Serving in Silence with Epilogue Published 2016
Serving In Silence with Epilogue
"Since Serving in Silence was first published 25 years ago, many events have had impacts on the military, on social justice, and on society as a whole as well as on our individual lives. Many have put their personal lives on the line to bring about positive change; yet, with the joy of victory, which vindicates the battle, comes the pain lingering in our memories. Personal, private, and public events alter our lives, perspectives, and hopes for the future. With this new edition of Serving in Silence comes the opportunity to recognize that the stories don't end but simply continue to shape the lives of us all".
"Rereading Serving in Silence is reviewing a life so different from my own today that I find it hard to believe all the changes we have experienced…….."
The new edition contains more than forty pages beginning with my return to the military, the film Serving in Silence, Don't Ask, Don't Tell, LGBTQ marriage equality, and more.
15 April 2018
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Margarethe Cammermeyer, Ph.D., RN, Colonel, USA Ret., after having served in the Army for six years on active duty and 25 years in the Army Reserves and National Guard, made history and rose to international prominence in 1989 when she challenged the military's anti-gay regulation...and won. The case sparked a national dialogue, resulting in the “Don't Ask, Don't Tell" law which allowed homosexuals to serve in the military in silence.
In 1989, during an interview for top-secret clearance, to apply for the War College, she self identified as a lesbian and chose honesty and integrity during a routine interview which resulted in her losing her military career after a distinguished 25 years of service. Her story drew widespread attention since she was a highly decorated Vietnam veteran where she earned the Bronze Star Medal, having served 14 months in Vietnam which included eight months as head nurse of the neurosurgical intensive care unit, and was Chief Nurse of the Washington State National Guard. Col. Cammermeyer lobbied against “Don’t Ask, Don’t Tell” for the next 17 years until its repeal on December 22, 2010 when President Obama signed the bill to repeal the ban and nine months later on September 20, 2011, the repeal of DADT was finalized. Social justice continued as the Supreme Court ruled the Defense of Marriage Act unconstitutional in 2013.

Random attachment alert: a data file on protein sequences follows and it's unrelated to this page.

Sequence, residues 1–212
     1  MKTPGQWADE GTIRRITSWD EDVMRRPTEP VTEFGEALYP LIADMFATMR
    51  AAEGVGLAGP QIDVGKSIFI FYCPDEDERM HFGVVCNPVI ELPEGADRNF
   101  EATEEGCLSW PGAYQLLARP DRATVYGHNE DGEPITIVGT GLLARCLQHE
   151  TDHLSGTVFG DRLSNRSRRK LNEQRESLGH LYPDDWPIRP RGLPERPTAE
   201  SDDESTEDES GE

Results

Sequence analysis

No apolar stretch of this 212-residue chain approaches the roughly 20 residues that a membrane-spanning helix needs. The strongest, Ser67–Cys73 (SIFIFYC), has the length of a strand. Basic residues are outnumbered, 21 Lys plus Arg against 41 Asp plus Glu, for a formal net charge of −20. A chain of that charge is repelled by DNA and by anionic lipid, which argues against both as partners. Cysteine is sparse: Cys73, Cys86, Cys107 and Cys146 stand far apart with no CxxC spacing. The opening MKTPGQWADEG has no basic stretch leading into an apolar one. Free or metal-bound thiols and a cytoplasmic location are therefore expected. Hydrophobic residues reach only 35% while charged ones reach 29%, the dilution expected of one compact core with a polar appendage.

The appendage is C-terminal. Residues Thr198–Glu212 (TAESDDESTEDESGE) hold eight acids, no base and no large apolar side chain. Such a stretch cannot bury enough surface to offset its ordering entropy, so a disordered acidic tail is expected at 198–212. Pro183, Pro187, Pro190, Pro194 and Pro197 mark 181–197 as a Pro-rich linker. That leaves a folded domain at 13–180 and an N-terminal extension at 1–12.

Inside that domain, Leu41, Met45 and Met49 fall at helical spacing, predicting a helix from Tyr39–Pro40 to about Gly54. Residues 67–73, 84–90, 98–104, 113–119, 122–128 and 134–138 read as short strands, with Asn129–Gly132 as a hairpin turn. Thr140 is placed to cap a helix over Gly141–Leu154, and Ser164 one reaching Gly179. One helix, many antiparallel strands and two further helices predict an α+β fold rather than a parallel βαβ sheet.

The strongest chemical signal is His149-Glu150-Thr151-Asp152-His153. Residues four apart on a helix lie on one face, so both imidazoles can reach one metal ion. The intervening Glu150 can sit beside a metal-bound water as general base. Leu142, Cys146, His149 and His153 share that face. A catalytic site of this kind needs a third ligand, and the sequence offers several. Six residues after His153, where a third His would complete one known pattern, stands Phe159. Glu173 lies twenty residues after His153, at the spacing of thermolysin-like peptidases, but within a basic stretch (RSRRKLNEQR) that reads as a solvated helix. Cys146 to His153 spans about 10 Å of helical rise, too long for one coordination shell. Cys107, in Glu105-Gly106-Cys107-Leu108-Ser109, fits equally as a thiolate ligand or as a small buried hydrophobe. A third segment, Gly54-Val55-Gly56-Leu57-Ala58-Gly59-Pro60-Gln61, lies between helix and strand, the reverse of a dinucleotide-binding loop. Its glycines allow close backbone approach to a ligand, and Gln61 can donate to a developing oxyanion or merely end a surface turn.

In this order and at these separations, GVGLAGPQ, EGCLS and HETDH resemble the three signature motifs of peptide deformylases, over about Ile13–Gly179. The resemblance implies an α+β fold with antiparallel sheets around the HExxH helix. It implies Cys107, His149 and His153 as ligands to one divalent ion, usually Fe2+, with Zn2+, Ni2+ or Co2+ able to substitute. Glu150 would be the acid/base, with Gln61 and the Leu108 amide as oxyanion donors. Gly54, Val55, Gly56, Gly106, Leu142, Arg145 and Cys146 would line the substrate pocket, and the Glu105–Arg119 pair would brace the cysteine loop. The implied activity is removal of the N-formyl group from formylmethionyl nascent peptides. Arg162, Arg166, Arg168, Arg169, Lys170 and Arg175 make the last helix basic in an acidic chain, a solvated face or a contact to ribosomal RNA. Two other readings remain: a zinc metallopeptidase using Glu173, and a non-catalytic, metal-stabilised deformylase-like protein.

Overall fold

Col. Cammermeyer's autobiography, Serving in Silence, was recognized by the National Education Association which named it "Outstanding Book of the Year" on the subject of Human Rights in North America. A made-for-television movie of the same name starring Glenn Close as Col. Cammermeyer and co-executive produced by Barbra Streisand, received three Emmy Awards and the prestigious Peabody Award.
In her multi-media program, "Breaking the Silence," Col. Cammermeyer presents a living history of LGBT rights as she interweaves her own life experiences with the legal and political struggles which contributed to social justice for homosexuals serving in the military and same sex couples to marry — all of this taking place in a span of 25 years.
Col. Cammermeyer was raised under Nazi occupation in Norway and later immigrated with her family to the United States at the age of 9. She joined the military at 19 to give something back to her adopted country. During her military career she also challenged policies that discriminated against married women and married women who became pregnant. In June 2010, she was appointed and served for four years on DACOWITS (Defense Advisory Council of Women in the Services). She continues to challenge the status quo and promote civil and human rights.
Col. Cammermeyer has a BS in Nursing from the University of Maryland and a M.A. and Ph.D. from the University of Washington, which honored her with the 2015 “Distinguished Alumni Veterans Award.” Other awards include: The 2016 “Leonard Matlovich Award” from American Veterans for Equal Rights; being inducted into the Washington State Nurses Hall of Fame in 2014; The “Legacy Award” from the Point Foundation in 2010; the “Women Who Dared” Award from the National Council of Jewish Women in In 1999; the "Hannah Solomon Award" by the Jewish Women's League in 1995; and, the “Soldier of Freedom Award” from the Human Rights Campaign in 1993; "among others.